The minister's statement assumes significance in the wake of India's huge dependence on import of fossil fuels.
Zero dependence on fossil fuel is required for Atmanirbhar Bharat, Power and New & Renewable Energy Minister R K Singh said on Tuesday.
Singh also said that once renewable energy and balancing power become cost-effective, thermal electricity and fossil fuel will be a thing of past in India’s energy mix.
“The vision for a truly Atmanirbhar Bharat is zero-dependence on fossil fuel imports,” Singh said in his address at CII Digital Conference on Atmanirbhar Bharat on Renewable Energy Manufacturing.
The minister’s statement assumes significance in the wake of India’s huge dependence on import of fossil fuels.
“India is constantly thinking innovation in bringing out bids. It came out with a bid on Renewable Energy & storage.
“The Government is also exploring other bid options such as – round-the clock grid energy, balance by thermal, balance by hydro etc. The end objective is to increase demand for storage and bring down prices,” he said in a statement issued by industry body CII.
In order to bring down renewable tariff, storage has to be viable, pumped hydro to take off, in-house manufacturing to jumpstart and battery to become cheap, Singh opined.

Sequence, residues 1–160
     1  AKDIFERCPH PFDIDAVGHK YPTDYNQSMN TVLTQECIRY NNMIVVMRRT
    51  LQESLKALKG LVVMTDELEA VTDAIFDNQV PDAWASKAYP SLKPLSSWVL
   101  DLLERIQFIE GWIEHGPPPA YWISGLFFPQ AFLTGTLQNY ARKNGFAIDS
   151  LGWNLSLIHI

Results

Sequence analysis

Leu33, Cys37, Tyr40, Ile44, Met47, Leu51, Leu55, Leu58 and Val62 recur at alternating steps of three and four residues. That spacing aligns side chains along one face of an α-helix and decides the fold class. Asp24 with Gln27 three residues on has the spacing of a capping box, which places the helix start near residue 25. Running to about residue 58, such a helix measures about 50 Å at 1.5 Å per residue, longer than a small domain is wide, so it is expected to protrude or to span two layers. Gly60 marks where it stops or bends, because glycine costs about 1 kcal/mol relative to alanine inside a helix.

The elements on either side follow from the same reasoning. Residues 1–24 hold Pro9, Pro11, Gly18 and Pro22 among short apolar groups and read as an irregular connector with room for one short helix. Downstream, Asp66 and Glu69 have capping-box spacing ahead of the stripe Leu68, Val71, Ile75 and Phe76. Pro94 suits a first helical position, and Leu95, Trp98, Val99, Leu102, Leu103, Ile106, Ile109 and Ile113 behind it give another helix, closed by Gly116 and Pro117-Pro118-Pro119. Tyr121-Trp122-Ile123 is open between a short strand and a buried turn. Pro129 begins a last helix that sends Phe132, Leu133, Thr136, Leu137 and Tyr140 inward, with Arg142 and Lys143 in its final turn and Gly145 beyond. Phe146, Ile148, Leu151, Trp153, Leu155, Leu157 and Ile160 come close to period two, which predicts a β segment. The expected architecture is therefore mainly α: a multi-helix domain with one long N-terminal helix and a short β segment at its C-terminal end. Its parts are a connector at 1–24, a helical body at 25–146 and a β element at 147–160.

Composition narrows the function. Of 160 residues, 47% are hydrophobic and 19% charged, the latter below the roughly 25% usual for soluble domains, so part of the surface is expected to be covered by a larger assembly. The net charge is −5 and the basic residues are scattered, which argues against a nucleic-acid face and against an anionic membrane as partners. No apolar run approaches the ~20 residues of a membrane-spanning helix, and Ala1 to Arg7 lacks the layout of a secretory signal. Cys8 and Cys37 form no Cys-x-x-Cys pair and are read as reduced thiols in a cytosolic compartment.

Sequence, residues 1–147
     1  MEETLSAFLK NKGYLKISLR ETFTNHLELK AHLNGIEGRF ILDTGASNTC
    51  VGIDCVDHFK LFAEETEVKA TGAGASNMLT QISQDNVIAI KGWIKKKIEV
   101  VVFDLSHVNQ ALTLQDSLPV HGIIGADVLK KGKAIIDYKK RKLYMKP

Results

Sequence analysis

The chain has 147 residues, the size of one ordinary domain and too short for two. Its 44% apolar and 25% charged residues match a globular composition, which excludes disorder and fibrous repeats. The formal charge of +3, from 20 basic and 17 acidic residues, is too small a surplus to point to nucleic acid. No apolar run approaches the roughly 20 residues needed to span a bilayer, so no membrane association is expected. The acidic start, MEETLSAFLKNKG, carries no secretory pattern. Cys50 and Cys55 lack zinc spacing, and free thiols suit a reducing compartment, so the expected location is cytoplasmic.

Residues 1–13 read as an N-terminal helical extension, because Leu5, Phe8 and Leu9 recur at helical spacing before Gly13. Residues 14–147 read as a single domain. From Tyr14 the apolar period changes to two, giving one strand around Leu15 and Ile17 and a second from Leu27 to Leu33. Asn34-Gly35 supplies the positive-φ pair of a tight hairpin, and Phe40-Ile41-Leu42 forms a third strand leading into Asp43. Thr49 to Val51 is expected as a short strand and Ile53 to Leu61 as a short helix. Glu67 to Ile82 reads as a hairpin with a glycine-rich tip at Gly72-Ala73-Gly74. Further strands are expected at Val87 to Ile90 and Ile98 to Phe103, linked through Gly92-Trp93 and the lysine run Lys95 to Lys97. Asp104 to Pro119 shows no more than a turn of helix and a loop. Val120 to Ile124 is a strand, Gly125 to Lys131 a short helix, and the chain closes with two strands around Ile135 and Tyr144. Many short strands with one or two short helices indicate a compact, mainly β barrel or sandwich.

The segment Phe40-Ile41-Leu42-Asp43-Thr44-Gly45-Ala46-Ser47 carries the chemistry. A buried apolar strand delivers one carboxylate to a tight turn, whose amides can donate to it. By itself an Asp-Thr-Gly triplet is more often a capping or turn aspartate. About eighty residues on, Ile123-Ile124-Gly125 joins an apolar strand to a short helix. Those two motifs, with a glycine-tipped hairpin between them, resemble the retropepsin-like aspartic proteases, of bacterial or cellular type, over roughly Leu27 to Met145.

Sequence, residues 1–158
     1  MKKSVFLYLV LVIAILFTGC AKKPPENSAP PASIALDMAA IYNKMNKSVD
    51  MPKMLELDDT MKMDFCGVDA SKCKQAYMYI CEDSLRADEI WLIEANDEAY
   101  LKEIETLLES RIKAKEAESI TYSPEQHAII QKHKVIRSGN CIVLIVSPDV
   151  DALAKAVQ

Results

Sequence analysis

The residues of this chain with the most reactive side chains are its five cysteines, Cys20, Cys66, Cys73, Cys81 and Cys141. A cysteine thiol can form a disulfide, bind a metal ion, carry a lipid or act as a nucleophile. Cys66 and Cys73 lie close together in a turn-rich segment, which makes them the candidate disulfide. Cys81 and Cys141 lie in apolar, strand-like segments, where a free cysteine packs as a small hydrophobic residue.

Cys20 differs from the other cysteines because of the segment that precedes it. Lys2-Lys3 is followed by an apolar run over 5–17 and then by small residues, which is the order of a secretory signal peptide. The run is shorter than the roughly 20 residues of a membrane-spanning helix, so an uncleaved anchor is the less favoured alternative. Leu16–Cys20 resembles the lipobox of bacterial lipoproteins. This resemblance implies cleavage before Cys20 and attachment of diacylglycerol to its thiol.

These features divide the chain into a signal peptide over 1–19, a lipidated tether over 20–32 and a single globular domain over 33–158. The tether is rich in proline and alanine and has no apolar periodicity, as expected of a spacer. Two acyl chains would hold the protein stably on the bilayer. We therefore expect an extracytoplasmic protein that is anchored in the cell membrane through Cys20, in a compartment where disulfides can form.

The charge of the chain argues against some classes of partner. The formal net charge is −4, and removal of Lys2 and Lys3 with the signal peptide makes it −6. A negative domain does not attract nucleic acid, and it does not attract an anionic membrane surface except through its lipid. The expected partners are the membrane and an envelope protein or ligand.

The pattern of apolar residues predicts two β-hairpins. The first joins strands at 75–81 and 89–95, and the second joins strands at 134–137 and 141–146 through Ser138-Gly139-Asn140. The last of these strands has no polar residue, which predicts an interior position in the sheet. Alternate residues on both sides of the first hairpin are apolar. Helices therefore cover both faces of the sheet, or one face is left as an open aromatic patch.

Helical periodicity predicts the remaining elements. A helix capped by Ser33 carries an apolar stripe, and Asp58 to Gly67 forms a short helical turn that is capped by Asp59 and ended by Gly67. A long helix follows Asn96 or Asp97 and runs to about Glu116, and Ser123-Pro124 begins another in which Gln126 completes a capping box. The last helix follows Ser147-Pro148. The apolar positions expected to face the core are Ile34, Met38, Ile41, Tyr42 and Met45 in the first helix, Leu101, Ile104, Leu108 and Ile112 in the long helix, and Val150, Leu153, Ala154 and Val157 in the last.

“Hydrogen may be the next big thing for transportation, alongside batteries to understand which is more economically viable. A city-wise segregated approach for launch of hydrogen and batteries will be undertaken to measure the practical cost-effectiveness of these options,” Singh said.
Another key announcement by the minister was the power ministry’s advocacy for the “Top-Runner program” in manufacturing of higher-efficiency next-generation solar products.
This is what helped China in achieving mass-production of n-type cells.
Expressing optimism for domestic manufacturing in the RE sector, he also took cognizance of the existing issues that the government was rallying to solve payment security of the entire value chain, sanctity of contracts, land acquisition and regulatory issues.
“While it is important to transform the energy sector with haste, it has to be a rational haste…in ensuring stability of all stakeholders,” the minister said.
While manufacturing in the wind sector is majorly indigenous, in solar segment 80-90 per cent of the components is being imported.
This is partly because of India’s in-house capability limitation to manufacture, but also partly because some of the countries have been dumping, which prompted the government to impose anti-dumping and import duties, the statement said.
In the coming days, the minister assured, that these duties are going to only be stronger so that imports do get painful and domestic manufacturing feels incentivised.